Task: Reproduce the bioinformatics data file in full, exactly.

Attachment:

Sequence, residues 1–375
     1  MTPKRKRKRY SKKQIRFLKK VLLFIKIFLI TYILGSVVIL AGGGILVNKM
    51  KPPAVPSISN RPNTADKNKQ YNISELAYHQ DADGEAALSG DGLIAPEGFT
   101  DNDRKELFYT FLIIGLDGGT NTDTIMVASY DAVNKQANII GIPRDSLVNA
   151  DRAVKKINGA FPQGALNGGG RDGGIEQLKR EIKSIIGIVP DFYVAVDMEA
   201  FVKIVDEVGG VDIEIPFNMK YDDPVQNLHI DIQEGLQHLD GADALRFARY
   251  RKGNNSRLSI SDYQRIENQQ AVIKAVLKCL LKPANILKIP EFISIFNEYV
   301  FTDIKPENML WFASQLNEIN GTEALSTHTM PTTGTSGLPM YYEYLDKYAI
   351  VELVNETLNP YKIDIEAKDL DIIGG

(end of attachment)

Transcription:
Sequence, residues 1–375
     1  MTPKRKRKRY SKKQIRFLKK VLLFIKIFLI TYILGSVVIL AGGGILVNKM
    51  KPPAVPSISN RPNTADKNKQ YNISELAYHQ DADGEAALSG DGLIAPEGFT
   101  DNDRKELFYT FLIIGLDGGT NTDTIMVASY DAVNKQANII GIPRDSLVNA
   151  DRAVKKINGA FPQGALNGGG RDGGIEQLKR EIKSIIGIVP DFYVAVDMEA
   201  FVKIVDEVGG VDIEIPFNMK YDDPVQNLHI DIQEGLQHLD GADALRFARY
   251  RKGNNSRLSI SDYQRIENQQ AVIKAVLKCL LKPANILKIP EFISIFNEYV
   301  FTDIKPENML WFASQLNEIN GTEALSTHTM PTTGTSGLPM YYEYLDKYAI
   351  VELVNETLNP YKIDIEAKDL DIIGG